Additional Resources/recursos adicionales:

Con Todo Press Website

Video Read Aloud

Naibe Reynoso’s Website

LAII Latina Women in Stem Lesson Plans

Discussion Question/pregunta de discusión:

What strategies have you used to make sure students feel included and represented in course material and content?

¿Qué estrategias ha utilizado para asegurarse de que los estudiantes se sientan incluidos y representados en el material y el contenido del curso?

Just A Minute: A Trickster Tale and Counting Book

By: Yuyi Morales

Published by: Chronicle Books LLC

Ages: 3-5

Region: Mexico

Language: English with Spanish words

Image from Chronicle Books LLC https://www.chroniclebooks.com/products/just-a-minute

Señor Calavera pays Grandma Beetle a visit asking her to leave with him but in true trickster style, Grandma Beetle finds a way to divert his attention and keep him around getting her tasks down along the way. She distracts him by counting out the preparations she has to do around the house before she can leave with him. Readers are encouraged to count along as she numbers her agenda items in both Spanish and English. Grandma Beetle counts her way all the way to her birthday dinner celebration with all of her grandchildren and Señor Calavera. She is not ready to leave this world for the afterlife with Señor Calavera, instead she opts for another day with her family. This is a wonderful celebration of Mexican culture and a great way to encourage bilingualism and/or Spanish language learning.

Awards:

An ALA Notable Book

Pura Belpré Award Winner

Parents’ Choice Approved Award Winner

Notable Book for a Global Society

A Latino Book Award Winner

Additional Resources:

Author’s Website

Read aloud with Yuyi Morales:

Miguel and the Grand Harmony

Written by: Matt de la Peña

Illustrated by: Ana Ramírez

Disney Press 2017

Ages: 3-7

Region: Mexico

Music is the protagonist in Newburry Medal winner, Matt de la Peña’s, Miguel and the Grand Harmony. The Music is a part of life, and it travels through town on the beat, rhythm, and cacophonies of its makers. The music is stumped however when it reaches Miguel, a boy who loves music but is not allowed to play. The Music cooks up a scheme to bring a guitar into Miguel’s life and inspires him to play, to play whats in his heart. De la Peña highlights the many ways music shows up in our lives, and its connection to happiness.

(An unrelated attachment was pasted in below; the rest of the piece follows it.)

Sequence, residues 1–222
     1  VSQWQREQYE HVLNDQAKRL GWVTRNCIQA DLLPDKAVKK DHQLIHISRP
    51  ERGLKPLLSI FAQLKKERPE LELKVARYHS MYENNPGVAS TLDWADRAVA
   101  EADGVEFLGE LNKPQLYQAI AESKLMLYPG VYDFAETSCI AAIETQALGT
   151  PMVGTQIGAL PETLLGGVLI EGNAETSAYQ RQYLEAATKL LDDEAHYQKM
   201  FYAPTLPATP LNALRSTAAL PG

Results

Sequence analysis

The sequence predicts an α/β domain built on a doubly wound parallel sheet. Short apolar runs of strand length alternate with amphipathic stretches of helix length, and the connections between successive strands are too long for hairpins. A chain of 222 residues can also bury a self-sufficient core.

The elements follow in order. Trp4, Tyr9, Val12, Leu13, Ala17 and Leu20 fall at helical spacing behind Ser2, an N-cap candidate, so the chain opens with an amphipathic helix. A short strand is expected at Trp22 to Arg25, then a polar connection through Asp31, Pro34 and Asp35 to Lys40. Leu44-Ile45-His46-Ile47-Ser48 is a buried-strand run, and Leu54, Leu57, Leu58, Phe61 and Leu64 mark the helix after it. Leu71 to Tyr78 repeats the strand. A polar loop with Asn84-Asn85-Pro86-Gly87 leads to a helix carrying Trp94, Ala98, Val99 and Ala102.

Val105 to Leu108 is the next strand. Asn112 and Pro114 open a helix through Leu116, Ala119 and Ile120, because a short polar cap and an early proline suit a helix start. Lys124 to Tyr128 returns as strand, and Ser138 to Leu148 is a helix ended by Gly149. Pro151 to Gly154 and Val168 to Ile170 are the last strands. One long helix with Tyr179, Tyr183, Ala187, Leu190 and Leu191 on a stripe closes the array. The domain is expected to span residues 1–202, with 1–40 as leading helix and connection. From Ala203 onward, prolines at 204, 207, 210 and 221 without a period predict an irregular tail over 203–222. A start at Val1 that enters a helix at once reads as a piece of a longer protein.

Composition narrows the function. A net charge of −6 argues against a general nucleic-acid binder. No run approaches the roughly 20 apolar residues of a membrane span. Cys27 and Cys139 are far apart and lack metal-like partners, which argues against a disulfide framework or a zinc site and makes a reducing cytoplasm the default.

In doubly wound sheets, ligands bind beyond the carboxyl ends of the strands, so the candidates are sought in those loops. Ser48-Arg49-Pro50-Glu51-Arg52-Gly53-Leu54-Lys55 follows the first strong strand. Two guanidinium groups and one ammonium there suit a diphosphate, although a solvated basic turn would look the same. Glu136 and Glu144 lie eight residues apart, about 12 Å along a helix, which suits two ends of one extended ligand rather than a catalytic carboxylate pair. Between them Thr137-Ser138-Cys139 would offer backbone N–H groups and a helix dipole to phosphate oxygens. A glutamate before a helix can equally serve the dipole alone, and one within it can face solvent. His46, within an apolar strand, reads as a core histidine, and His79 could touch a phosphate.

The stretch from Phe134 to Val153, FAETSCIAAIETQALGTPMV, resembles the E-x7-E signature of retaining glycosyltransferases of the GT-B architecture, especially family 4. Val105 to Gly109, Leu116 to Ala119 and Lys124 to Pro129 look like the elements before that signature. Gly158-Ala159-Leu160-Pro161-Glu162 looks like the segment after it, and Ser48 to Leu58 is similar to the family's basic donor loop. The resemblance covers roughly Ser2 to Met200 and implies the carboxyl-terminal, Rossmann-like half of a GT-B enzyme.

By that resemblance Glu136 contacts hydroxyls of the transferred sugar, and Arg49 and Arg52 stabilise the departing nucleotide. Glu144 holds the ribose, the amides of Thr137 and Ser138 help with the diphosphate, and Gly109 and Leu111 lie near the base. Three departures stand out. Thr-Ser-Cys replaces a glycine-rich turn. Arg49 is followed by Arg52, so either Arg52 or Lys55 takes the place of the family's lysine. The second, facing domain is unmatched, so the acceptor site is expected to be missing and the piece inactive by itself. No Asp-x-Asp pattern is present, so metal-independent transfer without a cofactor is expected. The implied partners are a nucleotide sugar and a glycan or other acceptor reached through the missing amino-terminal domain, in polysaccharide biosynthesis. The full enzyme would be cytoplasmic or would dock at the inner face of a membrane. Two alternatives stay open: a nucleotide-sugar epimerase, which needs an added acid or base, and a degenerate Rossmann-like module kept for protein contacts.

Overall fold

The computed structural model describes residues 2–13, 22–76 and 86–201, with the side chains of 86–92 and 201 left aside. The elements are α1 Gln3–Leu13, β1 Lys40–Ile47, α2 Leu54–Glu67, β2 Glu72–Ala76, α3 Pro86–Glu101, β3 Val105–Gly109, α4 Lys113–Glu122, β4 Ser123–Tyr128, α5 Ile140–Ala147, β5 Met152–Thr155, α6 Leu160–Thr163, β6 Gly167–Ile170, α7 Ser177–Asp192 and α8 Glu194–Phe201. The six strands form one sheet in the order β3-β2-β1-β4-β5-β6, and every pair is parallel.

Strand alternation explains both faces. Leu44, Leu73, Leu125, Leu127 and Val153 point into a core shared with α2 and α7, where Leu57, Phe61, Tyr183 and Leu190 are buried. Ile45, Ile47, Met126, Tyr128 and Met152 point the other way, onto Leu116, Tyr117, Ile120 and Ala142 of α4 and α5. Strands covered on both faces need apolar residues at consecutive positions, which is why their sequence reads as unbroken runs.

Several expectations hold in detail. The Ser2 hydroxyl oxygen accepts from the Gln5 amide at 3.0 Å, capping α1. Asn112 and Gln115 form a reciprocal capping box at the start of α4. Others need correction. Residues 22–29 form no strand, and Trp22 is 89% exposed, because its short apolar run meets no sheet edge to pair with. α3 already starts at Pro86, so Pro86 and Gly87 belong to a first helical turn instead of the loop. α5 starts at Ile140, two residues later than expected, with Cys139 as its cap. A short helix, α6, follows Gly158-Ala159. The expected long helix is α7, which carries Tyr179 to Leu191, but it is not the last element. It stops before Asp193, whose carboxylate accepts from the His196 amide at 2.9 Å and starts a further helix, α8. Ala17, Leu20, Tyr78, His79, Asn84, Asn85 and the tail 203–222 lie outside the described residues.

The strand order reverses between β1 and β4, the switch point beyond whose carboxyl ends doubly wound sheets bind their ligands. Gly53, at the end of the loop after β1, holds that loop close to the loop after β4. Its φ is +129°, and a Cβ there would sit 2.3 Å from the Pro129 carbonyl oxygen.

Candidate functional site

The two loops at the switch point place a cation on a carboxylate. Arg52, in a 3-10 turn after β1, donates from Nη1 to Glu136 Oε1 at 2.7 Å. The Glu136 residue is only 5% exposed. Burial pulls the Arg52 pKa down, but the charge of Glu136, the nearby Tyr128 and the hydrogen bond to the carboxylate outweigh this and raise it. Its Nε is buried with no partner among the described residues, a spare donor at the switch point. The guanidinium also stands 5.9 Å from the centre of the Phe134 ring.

Discussion Questions:

How did the colors in the book communicate emotion?

Why would playing music upset Mama Coco?

Region: Mexico/North America

Additional Resources:

Coco by Disney Pixar

Matt de la Peña’s Website

More books by Matt de la Peña

The Princess and the Warrior 

(Winner of the Pura Belpré Award)

Written and Illustrated by: Duncan Tonatiuh

Abrams Book for Young Readers 2016

Ages: 3-7

Region: Mexico, North America

The Princess and the Warrior details the love story of, a thoughtful and caring princess, Izta, and a brave military man Popoca.

Although Itza was coveted by suitable men, in her fathers eyes, they were not what Izta wanted. She was not impressed with their lavish gifts. Izta instead fell in love with a brave and caring warrior Popoca, for he offered her something much more valuable than any quetzal feathers or turquoise necklace could, a promise to be by her side, and love her forever.

The love match is not enough for Itza’s father, at least not at first. In order for Popoca to prove himself worthy he must defeat the emperor’s enemy, Jaguar claw, a tlatoani, of a nearby kingdom. Although Popoca bravely takes on the mission, he is unaware of Jaguar Claws cunning. Will Popoca be able to fulfill his promise to Itza or will Jaguar Claw prevent Popoca from uniting with his true love, Itza?

Discussion Questions:

Why do you think Popoca needed to prove himself worthy to the Emperor?

Do Itza and Popoca end up together? Why or why? Explain your answer.

Vocabtlatoani [nahua] – ruler, king

Additional Resources:

More books by Duncan Tonatiuh

The Author’s Website

The Legend of Popocatepetl & Iztaccíhuatl: A Love Story

Luciano el Gusano/Luciano the Worm

Texto e ilustraciones por/written and illustrated by: Santiago González 

Edades/ages: 4-8

Idioma/language: Español

Luciano el Gusano es una historia sobre un gusano al que no le gustaba quién era. Estaba cansado de ser un gusano, así que decidió inventar una nueva realidad para sí mismo.

Comenzó a imaginarse a sí mismo como animales diferentes, pero no pudo encontrar consuelo en ninguna de las nuevas formas que adoptó. Su último intento es un alienígena que está alejado de los problemas que enfrentan los otros animales que intentó ser, pero está muy lejos del planeta tierra y de la vida que contiene. Después de su aventura de intentar ser otra cosa, Luciano decide que se siente más cómodo siendo él mismo, Luciana el gusano.